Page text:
SPOTLIGHT ON SHAKEN-BABY SYNDROME
By Alison Flowers
Medill Innocence Project
Published: Aug. 23, 2012
Updated: Aug. 27, 2012
The Illinois Attorney General is fighting an attempt by Northwestern University’s Medill Innocence Project to gain access to medical records for an ongoing student investigation of an infant’s death nearly a decade ago in Will County, Ill.
Northwestern, on behalf of the Medill Innocence Project, submitted a motion Wednesday in U.S. District Court in Chicago to obtain records, including MRI and CT scans—detailed medical images of the 3 1/2-month-old infant who was allegedly injured and stopped breathing while under the supervision of a daycare worker who was later convicted of first-degree murder. The daycare worker, Jennifer Del Prete, was sentenced to 20 years in prison in 2005 after a Will County judge found her guilty of allegedly shaking Isabella Zielinski in 2002 in Romeoville, Ill., about 30 miles southwest of Chicago. The infant died nearly a year later in what is considered a shaken-baby syndrome case.
Medill undergraduate students began looking into the case in March as part of an investigative journalism class supported by the Medill Innocence Project, an organization that probes potentially wrongful murder convictions.
Over several months, students tracked down and interviewed people connected to the case and pulled court, police and other public records. They also interviewed several medical experts. Students, however, have not been able to obtain medical records. When the infant stopped breathing, the only potential eyewitnesses at the daycare were children five years old and younger, according to police reports. And in light of medical advances over the past decade, the scans of the infant’s brain may shed light on the cause of her death, said Northwestern Professor Alec Klein, director of the Medill Innocence Project.
In May, the Medill Innocence Project wrote to federal Judge Matthew F. Kennelly. “If and when the materials become a part of the public record, you will of course have access to them,” Kennelly responded in an email. “But at this time, they are not a part of the public record, and I do not have them myself.”
Del Prete’s Chicago attorneys, Jodi Garvey and Pat Blegen, who obtained the medical records by subpoena, declined to release them unless the judge formally permitted it.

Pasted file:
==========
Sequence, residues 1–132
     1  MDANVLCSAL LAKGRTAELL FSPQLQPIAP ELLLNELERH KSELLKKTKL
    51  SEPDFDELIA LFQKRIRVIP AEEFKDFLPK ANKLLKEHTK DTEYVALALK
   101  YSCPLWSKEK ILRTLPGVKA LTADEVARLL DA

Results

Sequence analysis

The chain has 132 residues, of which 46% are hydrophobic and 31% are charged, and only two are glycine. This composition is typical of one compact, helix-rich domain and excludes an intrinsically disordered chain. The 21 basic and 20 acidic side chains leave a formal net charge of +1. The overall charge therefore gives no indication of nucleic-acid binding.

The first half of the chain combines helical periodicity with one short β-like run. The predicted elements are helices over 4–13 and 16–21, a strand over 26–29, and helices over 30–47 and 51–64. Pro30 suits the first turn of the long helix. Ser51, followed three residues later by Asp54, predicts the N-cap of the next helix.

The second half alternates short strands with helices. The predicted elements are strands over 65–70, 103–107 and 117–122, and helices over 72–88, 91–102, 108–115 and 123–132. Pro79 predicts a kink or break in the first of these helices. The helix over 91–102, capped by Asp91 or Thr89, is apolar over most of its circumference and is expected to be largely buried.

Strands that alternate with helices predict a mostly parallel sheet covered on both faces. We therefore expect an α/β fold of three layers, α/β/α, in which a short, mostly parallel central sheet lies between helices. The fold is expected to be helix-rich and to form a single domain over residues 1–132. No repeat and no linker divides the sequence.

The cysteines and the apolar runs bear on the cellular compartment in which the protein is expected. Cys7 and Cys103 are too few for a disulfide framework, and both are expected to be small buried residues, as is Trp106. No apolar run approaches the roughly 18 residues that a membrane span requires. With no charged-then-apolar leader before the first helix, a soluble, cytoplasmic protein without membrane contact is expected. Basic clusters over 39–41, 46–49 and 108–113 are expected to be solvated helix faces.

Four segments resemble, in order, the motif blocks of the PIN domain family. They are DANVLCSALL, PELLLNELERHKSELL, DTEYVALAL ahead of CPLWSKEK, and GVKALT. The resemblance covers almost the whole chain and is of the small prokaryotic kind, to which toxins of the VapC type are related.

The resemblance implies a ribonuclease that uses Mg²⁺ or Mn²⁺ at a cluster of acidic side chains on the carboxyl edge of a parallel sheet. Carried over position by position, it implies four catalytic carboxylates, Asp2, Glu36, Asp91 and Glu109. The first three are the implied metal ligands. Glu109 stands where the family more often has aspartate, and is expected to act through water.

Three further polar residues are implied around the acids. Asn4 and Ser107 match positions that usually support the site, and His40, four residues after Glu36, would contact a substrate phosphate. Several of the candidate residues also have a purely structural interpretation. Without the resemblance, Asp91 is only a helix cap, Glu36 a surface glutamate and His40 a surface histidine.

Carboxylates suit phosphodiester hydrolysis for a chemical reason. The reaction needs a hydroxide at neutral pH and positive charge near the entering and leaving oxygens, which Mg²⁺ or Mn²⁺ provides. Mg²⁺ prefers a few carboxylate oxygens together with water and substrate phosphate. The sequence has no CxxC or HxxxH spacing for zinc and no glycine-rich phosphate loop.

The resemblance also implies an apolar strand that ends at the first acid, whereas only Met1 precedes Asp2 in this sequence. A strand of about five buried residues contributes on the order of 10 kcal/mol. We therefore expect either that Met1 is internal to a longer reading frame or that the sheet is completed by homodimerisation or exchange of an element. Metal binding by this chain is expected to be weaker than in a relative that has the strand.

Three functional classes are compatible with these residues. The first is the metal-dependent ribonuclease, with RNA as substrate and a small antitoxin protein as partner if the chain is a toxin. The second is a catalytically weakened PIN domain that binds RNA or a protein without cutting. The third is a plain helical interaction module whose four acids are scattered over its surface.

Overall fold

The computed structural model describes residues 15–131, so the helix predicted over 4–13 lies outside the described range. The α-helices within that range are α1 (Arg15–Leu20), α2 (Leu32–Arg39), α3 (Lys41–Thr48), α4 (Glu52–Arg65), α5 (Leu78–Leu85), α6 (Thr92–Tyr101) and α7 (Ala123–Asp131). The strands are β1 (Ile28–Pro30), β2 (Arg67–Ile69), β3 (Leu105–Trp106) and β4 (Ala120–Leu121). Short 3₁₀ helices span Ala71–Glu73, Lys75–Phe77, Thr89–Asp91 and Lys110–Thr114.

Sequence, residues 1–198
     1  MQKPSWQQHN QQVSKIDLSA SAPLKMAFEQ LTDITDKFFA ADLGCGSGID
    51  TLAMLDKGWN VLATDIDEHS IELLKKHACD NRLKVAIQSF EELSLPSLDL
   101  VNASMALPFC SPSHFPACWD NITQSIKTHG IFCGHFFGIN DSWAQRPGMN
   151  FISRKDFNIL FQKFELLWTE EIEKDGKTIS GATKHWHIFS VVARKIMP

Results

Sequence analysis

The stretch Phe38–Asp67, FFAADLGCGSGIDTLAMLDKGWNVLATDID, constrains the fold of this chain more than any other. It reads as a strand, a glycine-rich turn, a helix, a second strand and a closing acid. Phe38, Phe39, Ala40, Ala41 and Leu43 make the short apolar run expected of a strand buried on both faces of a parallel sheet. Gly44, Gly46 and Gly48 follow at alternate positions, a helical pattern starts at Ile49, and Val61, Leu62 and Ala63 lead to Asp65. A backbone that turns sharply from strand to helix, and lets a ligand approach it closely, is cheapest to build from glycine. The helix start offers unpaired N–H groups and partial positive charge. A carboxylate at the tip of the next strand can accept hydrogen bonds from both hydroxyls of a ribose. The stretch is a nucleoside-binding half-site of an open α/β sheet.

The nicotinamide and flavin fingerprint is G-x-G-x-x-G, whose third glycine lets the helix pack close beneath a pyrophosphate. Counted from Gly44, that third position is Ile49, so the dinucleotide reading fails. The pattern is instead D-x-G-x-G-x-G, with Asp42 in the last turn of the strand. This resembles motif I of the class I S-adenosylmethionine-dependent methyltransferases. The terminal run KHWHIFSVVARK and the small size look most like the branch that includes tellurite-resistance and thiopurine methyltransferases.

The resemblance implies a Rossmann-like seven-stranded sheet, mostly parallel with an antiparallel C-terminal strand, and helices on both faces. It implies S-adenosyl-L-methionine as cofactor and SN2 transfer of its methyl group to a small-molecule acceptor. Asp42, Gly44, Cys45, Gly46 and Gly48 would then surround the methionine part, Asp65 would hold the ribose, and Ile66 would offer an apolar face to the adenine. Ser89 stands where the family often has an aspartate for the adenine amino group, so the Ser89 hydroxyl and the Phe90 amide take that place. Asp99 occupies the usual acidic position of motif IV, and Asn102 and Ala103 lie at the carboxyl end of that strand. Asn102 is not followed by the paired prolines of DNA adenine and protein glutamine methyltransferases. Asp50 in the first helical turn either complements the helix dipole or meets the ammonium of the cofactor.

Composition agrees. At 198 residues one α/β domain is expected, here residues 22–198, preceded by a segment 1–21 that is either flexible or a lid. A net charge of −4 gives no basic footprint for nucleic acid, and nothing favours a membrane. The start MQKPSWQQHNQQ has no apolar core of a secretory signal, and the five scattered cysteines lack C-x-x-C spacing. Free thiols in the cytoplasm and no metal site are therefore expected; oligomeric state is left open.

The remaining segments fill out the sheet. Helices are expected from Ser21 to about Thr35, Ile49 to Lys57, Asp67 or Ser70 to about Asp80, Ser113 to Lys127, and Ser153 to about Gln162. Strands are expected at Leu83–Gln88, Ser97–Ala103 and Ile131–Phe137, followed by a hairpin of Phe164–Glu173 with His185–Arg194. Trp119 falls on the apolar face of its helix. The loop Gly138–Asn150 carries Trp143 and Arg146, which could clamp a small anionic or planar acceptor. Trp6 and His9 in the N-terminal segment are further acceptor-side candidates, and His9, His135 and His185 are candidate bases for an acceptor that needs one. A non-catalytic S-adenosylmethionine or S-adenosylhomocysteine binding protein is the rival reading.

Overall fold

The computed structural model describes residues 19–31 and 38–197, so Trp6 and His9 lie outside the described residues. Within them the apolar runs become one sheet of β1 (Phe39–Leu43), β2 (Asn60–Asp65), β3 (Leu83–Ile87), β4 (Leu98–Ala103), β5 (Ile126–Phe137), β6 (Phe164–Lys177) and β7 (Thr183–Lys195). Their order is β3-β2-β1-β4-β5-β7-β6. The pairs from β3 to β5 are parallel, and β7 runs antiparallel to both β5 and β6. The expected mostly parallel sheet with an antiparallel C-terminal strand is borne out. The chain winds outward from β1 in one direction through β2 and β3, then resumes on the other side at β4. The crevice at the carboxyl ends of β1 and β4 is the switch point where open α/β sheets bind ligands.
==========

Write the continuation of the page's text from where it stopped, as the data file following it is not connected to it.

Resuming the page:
Within hours of the Medill Innocence Project’s federal filing, the Illinois Attorney General responded by submitting motion requesting a protective order to keep the medical records confidential.
“Essentially we don’t feel at liberty to disclose private medical records,” said Ann Spillane, chief of staff for Illinois Attorney General Lisa Madigan in an interview for this article. “At this moment, they’ve never been in a court file, and it’s not clear that they will be in a court file at any point. So we feel we need to be very cautious about medical privacy and ask the courts to make a decision on this.”
The Health Insurance Portability and Accountability Act (HIPAA) of 1996 makes it illegal for health care providers and insurance companies to release medical records. Eric S. Mattson, the lawyer for Northwestern, sought to explain to prosecutors that HIPAA would not prevent Del Prete’s lawyers from releasing the records.
“One of the fundamental principles of our system of government is that judicial proceedings must be open to the public,” Mattson, a partner at Sidley Austin, said in Northwestern’s petition.
“It is the Medill Innocence Project’s mission to report on matters such as this case,” Mattson wrote. “Access to discovery materials is critical to the Project’s ability to conduct this reporting.”
Spillane said Madigan’s office plans to file written responses to contest the Medill Innocence Project’s petition to intervene in the case and motion for access to the records. When asked why no protective order had been filed in Del Prete’s federal appeal, which was submitted more than two years ago, Spillane said the Attorney General’s office was in no rush to file it and that it typically does not see such medical records in federal appeals; Del Prete filed her federal habeas corpus petition in August 2010, challenging the legality of her imprisonment.
Del Prete’s attorneys introduced scientific and medical research surrounding shaken-baby syndrome as evidence in the habeas petition. Since Del Prete’s conviction, many experts have questioned whether the cause of an infant’s injuries or death can be solely identified by what is known as the triad of shaken-baby syndrome: bleeding behind the eyes, brain bleeding and brain swelling.
According to court records, Isabella displayed retinal bleeding and brain bleeding after she stopped breathing under the care of Del Prete, who maintains she is innocent. The infant did not show any outward signs of abuse, according to hospital records. Del Prete’s lawyers point to biomechanical research in recent years that shows there likely would have been such injuries, such as bruising or damage to the neck. The lawyers also highlight research explaining that an infant’s pre-existing medical condition could be responsible for the triad seen in shaken-baby syndrome cases.
Isabella’s father, Richard, declined to comment for this article.
Kennelly, the judge, is scheduled to consider the motions by the Medill Innocence Project and the Attorney General’s office Tuesday at 9:30 a.m. in federal court in Chicago. Del Prete awaits a hearing set for Dec. 17 on her federal appeal.